The Metadata Spreadsheet

Before dealing with actual video files, it’s essential to set up a system to record metadata — the contextual information that surrounds the video files and describes what they are. Without this information, videos lose much of their meaning and make it difficult for future researchers or community members to understand the significance of the footage. While this information is not physically attached to the video files, we create an “archive identifier” that corresponds to the folder names that hold the video media files.  Here’s a sample form in Google Drive to fill out metadata fields for video clips.

We pre-populated the drop down menus to correspond to communities and languages. All information entered is captured in a separate Google spreadsheet and new keywords can be added through the form editor (or the “meta” tab at the bottom of an Excel document). Here are the fields we created:

  • Archive Id (this identifier should be the same as the folder naming scheme for each video project, eg “20150521_Guyanese_KweKwe_Brooklyn” — see p. 9)
  • Date
  • Cultural Protocols (refers to access: public or private)
  • Activity (fieldwork, public program, workshop)
  • Community (corresponds to particular communities Lynne works with)
  • Project/Initiative (if video is part of a larger program, grant, etc.)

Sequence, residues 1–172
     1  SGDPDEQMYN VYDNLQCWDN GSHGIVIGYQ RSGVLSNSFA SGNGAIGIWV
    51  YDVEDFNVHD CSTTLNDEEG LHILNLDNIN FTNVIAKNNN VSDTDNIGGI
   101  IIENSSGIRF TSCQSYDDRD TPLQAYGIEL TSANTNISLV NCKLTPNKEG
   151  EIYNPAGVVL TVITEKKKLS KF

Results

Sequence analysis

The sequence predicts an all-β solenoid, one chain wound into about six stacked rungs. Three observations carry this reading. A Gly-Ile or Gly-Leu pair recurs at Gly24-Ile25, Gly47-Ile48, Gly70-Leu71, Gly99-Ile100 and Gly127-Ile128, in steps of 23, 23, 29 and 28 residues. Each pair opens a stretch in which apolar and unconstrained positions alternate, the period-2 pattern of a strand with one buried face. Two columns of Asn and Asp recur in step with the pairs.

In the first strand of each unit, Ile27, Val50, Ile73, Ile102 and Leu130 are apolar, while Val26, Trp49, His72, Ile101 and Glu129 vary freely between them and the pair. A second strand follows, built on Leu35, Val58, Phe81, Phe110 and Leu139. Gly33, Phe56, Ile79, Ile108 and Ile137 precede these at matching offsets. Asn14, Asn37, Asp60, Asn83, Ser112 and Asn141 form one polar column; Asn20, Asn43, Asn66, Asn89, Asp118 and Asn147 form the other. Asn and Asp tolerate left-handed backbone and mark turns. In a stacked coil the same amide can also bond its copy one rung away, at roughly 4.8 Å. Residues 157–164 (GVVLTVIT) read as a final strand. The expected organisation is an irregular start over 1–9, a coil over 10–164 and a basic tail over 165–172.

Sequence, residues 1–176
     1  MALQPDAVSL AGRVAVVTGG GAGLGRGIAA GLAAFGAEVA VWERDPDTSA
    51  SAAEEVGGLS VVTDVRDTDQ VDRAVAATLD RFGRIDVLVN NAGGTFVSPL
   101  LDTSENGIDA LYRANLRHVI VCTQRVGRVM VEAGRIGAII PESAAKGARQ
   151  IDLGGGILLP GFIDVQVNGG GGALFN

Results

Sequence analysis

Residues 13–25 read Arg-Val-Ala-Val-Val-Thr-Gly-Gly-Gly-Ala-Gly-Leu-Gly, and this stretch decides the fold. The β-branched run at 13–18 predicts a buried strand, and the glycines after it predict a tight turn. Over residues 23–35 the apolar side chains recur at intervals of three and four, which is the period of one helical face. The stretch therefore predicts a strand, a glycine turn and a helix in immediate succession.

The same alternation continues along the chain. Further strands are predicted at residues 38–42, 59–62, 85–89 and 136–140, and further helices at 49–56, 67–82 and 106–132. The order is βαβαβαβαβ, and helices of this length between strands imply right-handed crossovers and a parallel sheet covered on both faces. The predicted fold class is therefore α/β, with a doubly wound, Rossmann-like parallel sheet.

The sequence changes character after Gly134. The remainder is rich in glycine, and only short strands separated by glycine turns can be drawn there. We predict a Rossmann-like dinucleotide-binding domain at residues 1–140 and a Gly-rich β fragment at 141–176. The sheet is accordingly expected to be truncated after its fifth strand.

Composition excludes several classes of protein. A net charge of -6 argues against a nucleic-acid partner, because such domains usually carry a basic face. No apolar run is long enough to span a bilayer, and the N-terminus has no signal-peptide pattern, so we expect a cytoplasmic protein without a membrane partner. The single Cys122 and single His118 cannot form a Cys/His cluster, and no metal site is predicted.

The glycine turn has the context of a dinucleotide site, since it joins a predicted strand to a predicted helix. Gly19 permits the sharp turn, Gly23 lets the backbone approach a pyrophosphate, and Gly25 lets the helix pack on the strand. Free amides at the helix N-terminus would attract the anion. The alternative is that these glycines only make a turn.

• Title
  • Media (this could be the media filename or URL)
  • Contributors (refers to artists who are involved in the program)
  • Creator (refers to the organization/folklorists responsible for creating the information)
  • Format
  • Category
  • Description
  • Cultural Narrative (the cultural and broader contextual description about this piece of content. You can add cultural narrative to your content as you see fit. This field is an open field to provide you with maximum flexibility to express your knowledge in the most appropriate form.)
  • Language
  • Art form (top-level terms from the Ethnographic Thesaurus)
  • Publisher
  • Rights
  • Standard and Creative Commons Licensing
  • Standard and Creative Commons Licensing URL
  • Subject (topic of the content, usually keywords or classification codes that describe the topic of the resource. Library of Congress subject headings are one standard and recognized option you may want to use.)
  • Keywords
  • Location Description
  • Neighborhood